in the beginning of the year 1666 (at which time I applied myself to the grinding of optic glasses of other figures than spherical), I procured a triangular prism to try therewith the celebrated phenomena of colours . . . (qtd. in Andrade 50)

He soon began experimenting with the prism that he had just bought.

having darkened my chamber and made a small hole in my window shutters, to let in a convenient quantity of the sun's light, I placed my prism that it might thereby be refracted to the opposite wall. It was at first a very pleasant divertissement. (qtd. in Knight 50)

However the young scientist soon found that what had been done for hundreds of years for entertainment was a very serious scientific matter. The prism used a process called refraction to produce a color spectrum on the wall. The colors of the spectrum were, and still are, red, orange, yellow, green, blue, indigo and violet, in that order. That was not so surprising as the fact that the prism had turned a circular beam of white light into a patch of colors in which each individual color had become a strip five times as long as it was broad. This caused him to start thinking about the telescope that was being used at the time, the refracting telescope. The refracting telescope worked on the same light bending principal as the prism. Knight explains:

One thing was at once clear to the young thinker, who had already had some experience with the refracting telescopes of his day. Refracting telescopes depended on the use of lenses that bent light as prisms did. But if circular beams of light could be lengthened into wide colored strips, then how could an instrument, which depended upon this basic principle help but give images that were colored and blurred?

The way young Newton was to solve this problem in the next two years was to bring his name to the lips of the most advanced scientists of his day. (vol. 2 52)

The way Newton solved that problem was to invent his own telescope, a telescope that would revolutionize the way we would look at the heavens forever, the reflecting telescope.

Newton first set out to find a way to fix the refracting telescope. He soon found that this was impossible, and had to give up on the idea of refraction altogether. In the year 1667 Newton began work on his great invention, the reflecting telescope. However, Newton was not the first person to think of the reflecting telescope. A Scottish mathematician named James Gregory had suggested a plan for a reflecting telescope a few years earlier, but he never actually built it. After the creation of Newton's telescope, he and James Gregory became good friends. This was well illustrated by More, "Gregory became a warm friend and admirer of Newton, and there was no break in their friendship." (155) Gregory was also unaware of the main benefit of the reflecting telescope, namely the elimination of blurred and unwanted colors. Alone in his room Newton began to shape the first mirror for his reflecting telescope with his own hands. He spent days polishing its inwardly curved surface. It was formed from an alloy Newton himself had created--a mixture of tin, arsenic, and copper. He slaved for weeks building that thing. Knight notes:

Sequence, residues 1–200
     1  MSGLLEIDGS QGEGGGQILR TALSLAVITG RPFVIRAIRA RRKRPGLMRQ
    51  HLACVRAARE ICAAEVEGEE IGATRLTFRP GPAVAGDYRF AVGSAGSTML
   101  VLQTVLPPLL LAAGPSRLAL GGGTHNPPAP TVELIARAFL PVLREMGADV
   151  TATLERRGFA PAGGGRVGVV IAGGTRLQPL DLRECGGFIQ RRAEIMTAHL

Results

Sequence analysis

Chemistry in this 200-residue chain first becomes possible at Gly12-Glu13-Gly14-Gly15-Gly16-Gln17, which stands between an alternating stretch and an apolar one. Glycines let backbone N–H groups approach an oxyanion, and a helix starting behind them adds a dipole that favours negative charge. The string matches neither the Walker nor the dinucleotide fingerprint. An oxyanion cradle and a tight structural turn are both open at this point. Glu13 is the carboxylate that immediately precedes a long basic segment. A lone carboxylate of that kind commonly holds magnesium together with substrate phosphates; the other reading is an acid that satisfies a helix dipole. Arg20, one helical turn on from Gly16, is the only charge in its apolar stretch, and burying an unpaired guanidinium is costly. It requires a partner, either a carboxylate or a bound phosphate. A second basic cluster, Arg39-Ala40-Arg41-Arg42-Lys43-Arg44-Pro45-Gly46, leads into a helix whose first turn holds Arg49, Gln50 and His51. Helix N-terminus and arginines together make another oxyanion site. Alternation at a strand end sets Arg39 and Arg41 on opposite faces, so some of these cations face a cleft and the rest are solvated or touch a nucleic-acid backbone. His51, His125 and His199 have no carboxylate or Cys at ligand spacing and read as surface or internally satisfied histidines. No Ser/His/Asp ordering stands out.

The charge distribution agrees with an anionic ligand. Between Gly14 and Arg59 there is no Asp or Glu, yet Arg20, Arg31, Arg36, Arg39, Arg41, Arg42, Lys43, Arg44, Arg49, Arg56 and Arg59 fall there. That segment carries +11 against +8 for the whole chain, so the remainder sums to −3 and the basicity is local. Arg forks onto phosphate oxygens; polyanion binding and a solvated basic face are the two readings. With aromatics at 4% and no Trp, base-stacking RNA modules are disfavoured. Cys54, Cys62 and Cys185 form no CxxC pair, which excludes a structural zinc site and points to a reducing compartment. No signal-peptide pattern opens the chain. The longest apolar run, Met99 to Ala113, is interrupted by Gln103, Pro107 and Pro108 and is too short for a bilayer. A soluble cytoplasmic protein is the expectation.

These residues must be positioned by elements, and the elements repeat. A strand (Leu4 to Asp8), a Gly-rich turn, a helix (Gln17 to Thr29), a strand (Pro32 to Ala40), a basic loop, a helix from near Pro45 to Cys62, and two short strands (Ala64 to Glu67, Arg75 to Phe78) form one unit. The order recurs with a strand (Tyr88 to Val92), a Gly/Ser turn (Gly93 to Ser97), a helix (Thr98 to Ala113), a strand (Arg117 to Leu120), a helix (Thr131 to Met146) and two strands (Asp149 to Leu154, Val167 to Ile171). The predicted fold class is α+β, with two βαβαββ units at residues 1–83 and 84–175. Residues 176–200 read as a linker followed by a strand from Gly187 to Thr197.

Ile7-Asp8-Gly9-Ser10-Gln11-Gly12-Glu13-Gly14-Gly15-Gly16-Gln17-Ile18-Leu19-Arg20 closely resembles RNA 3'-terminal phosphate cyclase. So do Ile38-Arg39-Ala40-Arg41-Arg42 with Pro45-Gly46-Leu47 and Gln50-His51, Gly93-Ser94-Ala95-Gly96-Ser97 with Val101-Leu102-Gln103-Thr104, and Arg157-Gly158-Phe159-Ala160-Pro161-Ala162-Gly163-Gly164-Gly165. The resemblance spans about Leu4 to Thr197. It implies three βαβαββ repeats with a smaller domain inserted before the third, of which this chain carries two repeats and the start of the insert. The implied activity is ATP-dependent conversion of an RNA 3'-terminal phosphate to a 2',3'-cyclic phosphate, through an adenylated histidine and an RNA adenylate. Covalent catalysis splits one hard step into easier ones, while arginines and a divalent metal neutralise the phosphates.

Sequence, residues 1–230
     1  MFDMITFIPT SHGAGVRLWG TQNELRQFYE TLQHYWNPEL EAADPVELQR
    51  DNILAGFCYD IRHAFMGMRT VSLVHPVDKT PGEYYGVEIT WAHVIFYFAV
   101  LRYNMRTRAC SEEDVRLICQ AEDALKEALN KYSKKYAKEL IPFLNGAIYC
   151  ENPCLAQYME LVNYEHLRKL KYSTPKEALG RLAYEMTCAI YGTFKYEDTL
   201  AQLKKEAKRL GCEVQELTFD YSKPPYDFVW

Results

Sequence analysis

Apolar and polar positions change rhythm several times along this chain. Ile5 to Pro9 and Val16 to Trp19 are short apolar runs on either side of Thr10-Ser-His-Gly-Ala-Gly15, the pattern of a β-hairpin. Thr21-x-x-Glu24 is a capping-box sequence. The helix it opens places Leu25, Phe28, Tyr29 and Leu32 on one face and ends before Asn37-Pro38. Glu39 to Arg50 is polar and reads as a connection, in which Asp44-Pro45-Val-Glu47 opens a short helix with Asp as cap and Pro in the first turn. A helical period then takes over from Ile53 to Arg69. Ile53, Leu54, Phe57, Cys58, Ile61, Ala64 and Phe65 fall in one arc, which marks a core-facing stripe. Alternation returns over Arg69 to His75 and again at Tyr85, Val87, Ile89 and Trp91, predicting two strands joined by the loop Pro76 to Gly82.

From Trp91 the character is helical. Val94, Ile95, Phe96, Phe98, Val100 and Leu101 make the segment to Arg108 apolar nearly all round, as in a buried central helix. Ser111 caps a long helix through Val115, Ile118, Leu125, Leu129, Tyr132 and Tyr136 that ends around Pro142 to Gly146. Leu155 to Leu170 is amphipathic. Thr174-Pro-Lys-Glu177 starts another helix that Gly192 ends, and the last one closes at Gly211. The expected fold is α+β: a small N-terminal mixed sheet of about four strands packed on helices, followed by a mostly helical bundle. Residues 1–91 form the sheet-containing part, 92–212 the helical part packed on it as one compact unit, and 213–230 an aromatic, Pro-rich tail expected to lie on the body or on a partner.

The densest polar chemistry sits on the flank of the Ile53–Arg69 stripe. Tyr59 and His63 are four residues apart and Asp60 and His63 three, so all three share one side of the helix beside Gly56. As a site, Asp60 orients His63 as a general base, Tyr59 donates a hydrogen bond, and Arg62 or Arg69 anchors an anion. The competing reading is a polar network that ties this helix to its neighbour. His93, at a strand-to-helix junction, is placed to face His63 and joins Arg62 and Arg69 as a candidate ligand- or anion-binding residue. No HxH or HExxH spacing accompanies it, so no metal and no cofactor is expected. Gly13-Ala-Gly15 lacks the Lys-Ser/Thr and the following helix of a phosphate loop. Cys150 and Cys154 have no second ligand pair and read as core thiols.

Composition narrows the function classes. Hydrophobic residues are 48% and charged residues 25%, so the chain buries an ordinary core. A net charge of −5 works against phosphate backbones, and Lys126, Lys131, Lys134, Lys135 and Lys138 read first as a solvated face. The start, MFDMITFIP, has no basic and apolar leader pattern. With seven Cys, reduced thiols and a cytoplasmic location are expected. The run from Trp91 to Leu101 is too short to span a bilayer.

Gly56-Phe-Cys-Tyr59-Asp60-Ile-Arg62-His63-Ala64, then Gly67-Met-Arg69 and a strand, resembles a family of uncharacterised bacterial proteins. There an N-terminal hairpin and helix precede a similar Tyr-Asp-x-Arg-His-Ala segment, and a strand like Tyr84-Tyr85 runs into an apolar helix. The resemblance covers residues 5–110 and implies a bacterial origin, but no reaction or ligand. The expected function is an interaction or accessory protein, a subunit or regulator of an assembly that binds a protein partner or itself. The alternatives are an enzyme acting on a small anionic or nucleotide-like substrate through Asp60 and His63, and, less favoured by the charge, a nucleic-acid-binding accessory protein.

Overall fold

Isaac worked with intense enthusiasm. The telescope he finally produced was ridiculously small. It was only six inches long, with a diameter of one inch! Yet it could magnify an object forty times--and this, as Newton himself pointed out, was as much as could be expected of a refracting telescope fully six feet long! (vol. 1 58)

Needless to say this was an amazing feat. Newton was also the first person to put the eyepiece on the side of any telescope. Reflecting telescopes are still predominantly used by most of the scientific community.

In conclusion, Sir Isaac Newton made many important contributions to the field of science. The most important of which were his work on gravity, his Laws of Motion, his work on light and color, and his reflecting telescope. These four works made a lasting impression in the field of science. If Newton had not figured out his Laws of Motion and his Universal Law of Gravitation the human race would probably not be capable of space travel. And if he had not invented the reflecting telescope we would probably still be using blurry refracting telescopes. In short, Isaac Newton was a genius of immeasurable depth who helped usher in a new era of scientific enlightenment and knowledge.

Works Cited

Annotated Bibliography

This webpage was created by:
R. H.
on 3/30/99 for HTWM, Rich East High School, Park Forest, IL.